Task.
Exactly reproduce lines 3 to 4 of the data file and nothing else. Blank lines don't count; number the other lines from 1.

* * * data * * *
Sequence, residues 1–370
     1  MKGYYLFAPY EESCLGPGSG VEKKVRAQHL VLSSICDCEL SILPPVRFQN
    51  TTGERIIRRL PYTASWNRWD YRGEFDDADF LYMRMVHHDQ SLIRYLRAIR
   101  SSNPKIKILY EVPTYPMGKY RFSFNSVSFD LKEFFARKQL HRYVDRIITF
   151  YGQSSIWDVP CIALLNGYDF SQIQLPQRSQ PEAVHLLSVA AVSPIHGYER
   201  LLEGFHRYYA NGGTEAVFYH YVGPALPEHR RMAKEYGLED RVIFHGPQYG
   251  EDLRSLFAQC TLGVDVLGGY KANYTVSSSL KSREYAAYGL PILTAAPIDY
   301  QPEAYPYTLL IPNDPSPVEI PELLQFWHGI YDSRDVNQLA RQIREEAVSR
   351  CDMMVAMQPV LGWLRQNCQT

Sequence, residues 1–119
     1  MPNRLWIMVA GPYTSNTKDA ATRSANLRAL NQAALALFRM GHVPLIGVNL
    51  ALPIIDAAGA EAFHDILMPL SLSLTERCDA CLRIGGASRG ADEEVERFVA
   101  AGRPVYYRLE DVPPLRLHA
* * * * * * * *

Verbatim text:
    51  TTGERIIRRL PYTASWNRWD YRGEFDDADF LYMRMVHHDQ SLIRYLRAIR
   101  SSNPKIKILY EVPTYPMGKY RFSFNSVSFD LKEFFARKQL HRYVDRIITF